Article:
Fair enough, hypothetical reader (who somehow always seems to know just what to say to keep the plot of my posts moving along smoothly).  You don’t correct bad behavior by ignoring it, and you don’t correct it by emphasizing the severity of punishment above all else either.  In my experience what works best is a combination of swiftness and discretion.  If a student breaks the rules in place in a classroom, it makes no sense to me to send her/him to the principle’s office, who will then send her/him to another office, who will then place her/him in a segregated classroom for about a week, where s/he will sit isolated from the rest of the school, without a word of explanation from anyone as to why s/he shouldn’t be behaving the way s/he did (aside from the patronizing, “Because it’s against school policy”).  But this is exactly what so many educators do.  Instead of dealing with the problem swiftly and directly, they pass the responsibility of assigning concrete consequences on to someone else; i.e. out of sight, out of mind.

In my experience, the best chance for actual long-term behavioral correction comes by confronting the student about their behavior, on your own terms, and explaining the consequences that will result from this behavior immediately following its occurrence, without constantly shipping her/him through some asinine administrative roundabout.  If the offense is committed in my classroom, it is my responsibility to deal with it, because individual cases of misbehavior require individual consequences.  And I promise you, when consequences are customized to each breach in conduct committed by each individual student, it leaves a much more lasting impression on the mischievous youth than a generalized decree ordained by some top-level administrator who doesn’t even know the student’s name, let alone the circumstances surrounding her/his behavioral issues.

Please don’t misunderstand what I mean by “confronting the student” as some sort of public declaration against her/him in front of class.  Consequences to bad behavior have to be swift, but they are also most effective when discloses in private.  When someone publicly confronts you about your behavior (even when you know that you’re in the wrong), you are much less receptive to the message than you would be if the person made the effort to avoid humiliating you in front of your peer group.  I don’t care how your intuition tells you to approach it, the plain fact is that discreteness in these situations works because it gives the teenager–whose full reasoning faculties are still developing–the thing s/he craves most:  the courtesy of being spoken to like an adult, instead of being repeatedly scolded like a child.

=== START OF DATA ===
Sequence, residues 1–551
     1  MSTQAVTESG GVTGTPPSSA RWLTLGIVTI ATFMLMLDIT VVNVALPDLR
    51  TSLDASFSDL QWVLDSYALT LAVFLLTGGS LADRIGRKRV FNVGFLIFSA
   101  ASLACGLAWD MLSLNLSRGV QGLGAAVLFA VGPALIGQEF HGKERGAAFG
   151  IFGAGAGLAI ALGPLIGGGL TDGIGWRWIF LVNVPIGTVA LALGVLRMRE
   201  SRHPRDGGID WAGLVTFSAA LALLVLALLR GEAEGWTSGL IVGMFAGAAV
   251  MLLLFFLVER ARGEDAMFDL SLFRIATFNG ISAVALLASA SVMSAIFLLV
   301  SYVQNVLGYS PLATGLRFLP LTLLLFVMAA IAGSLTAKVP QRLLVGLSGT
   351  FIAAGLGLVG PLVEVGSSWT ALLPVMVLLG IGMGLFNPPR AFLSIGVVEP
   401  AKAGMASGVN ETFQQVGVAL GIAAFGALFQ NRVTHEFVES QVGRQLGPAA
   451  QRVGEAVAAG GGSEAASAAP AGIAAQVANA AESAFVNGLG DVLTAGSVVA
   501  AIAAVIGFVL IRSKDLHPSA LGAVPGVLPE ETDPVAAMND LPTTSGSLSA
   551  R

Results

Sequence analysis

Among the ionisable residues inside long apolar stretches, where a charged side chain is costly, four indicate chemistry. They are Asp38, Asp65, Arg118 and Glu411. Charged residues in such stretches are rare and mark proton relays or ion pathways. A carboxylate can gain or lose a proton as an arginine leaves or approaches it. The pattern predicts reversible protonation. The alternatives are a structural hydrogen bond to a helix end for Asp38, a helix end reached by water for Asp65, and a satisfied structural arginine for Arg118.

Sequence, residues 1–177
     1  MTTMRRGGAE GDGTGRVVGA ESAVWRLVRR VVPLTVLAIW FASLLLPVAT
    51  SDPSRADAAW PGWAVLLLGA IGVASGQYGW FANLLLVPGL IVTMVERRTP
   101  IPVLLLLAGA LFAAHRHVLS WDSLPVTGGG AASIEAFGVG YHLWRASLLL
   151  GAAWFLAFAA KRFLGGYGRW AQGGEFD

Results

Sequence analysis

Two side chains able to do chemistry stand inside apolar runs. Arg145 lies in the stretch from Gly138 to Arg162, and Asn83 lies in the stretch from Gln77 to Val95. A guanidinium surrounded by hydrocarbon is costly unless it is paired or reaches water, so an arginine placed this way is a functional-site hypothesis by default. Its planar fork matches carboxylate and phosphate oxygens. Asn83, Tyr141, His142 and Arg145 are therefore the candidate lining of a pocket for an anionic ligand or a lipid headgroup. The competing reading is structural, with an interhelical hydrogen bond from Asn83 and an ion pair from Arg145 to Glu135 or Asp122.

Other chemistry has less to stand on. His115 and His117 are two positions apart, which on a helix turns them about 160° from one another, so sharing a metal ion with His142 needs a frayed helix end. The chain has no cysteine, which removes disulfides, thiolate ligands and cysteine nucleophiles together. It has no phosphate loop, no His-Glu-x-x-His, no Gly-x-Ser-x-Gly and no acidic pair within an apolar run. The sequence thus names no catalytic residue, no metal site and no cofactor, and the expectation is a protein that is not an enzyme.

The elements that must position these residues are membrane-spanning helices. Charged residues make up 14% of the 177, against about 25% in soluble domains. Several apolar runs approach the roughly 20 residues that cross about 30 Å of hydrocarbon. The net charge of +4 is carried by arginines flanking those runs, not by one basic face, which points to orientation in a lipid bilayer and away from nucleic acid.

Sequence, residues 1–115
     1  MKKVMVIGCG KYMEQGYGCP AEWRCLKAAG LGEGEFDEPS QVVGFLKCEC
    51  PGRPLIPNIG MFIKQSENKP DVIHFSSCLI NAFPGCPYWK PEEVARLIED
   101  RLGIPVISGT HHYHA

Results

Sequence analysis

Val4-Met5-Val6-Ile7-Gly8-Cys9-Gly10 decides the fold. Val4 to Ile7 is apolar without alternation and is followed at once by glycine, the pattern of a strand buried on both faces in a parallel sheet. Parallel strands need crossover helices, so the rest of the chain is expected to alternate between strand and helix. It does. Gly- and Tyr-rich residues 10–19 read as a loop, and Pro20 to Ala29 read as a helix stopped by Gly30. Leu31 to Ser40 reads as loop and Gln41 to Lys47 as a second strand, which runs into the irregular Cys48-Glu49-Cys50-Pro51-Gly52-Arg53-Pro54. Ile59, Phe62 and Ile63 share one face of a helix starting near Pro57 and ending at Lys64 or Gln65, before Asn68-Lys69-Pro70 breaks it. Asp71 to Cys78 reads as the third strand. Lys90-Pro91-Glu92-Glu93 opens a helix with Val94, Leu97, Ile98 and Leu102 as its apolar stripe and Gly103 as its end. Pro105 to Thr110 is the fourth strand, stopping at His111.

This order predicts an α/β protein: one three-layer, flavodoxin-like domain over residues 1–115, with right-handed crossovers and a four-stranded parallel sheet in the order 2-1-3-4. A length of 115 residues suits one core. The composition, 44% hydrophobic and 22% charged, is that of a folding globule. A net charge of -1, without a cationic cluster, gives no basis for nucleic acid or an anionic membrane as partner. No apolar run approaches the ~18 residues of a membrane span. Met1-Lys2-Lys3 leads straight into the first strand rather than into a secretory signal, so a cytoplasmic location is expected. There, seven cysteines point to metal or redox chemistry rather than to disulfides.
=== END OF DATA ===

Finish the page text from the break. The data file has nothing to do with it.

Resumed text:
I know someone reading this is probably dismissing me as just too soft on those disorderly “little assholes”.  If you’re one of these readers let me ask you, what do you think is more likely to happen when a teacher publicly calls out a student for behaving like the “little asshole” s/he most probably is?  Do you think that the student will rationally consider the consequences of their misbehavior, and thereby learn the value of civil conduct?  Or is the student going to feel that s/he has to go on the defensive and save face in front of her/his friends by stubbornly locking horns with the teacher?  All of this is dependent on what results you’re aiming for.  I’m aiming to actually correct delinquent behavior; if you’re aiming to simply piss off “little assholes” and “give ‘em what they’ve got comin’” have fun engaging in your pissing match with an adolescent, just remember only one of you is expected to be the adult in the situation.

The reason I care about this issues is that I’m concerned that the policies and procedures we have in place to deal with misbehavior in the educational system parallel too closely with the practices prevalent within the criminal justice system.  Educators are entrusted with the responsibility of nurturing minds that are still maturing.  As the adults in the room–the sole individual with the experience and developed cognitive faculties to exercise the restraint and judgement necessary to deal with a volatile situation–the consequences of how disorderly conduct is treated and corrected has to fall on our shoulder, whether we like it to or not.  But I don’t see how we all can live up to this duty, how we can mend well-adjusted adults as a society, if we keep placing disorderly students into ineffective programs and policies that are firstly failing to address the underlying issues causing bad behavior, and secondly failing to correct said behavior.  I care about this because there is a decent chance that today’s delinquents will be tomorrow’s felons–and if we condition them at a young age that social institutions have no means or interest in dealing with them as thinking persons, there is little reason for them to be.

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Justice vs. Vengeance

People hate criminals, and I don’t mean that in a broad idealistic sense.  I mean that, in real life, people genuinely despise criminals.  I had to qualify the last sentence with in real life, as I’m well aware how much we love to cheer on the bad guys in movies, but whenever there is an actual trial going on, we still tend to side against the guy/gal being prosecuted; often for good reasons.  We simply can’t help but voice our desire to see justice against the perpetrator/s, so that we as a society can be assured about the efficiency of our judiciary system is keeping us safe.  (When I say “we,” I am not trying to be rhetorical or play up some kind of subtle “ignorance of the masses” shtick,  since I have no hesitations about including myself in the aforementioned group of people.)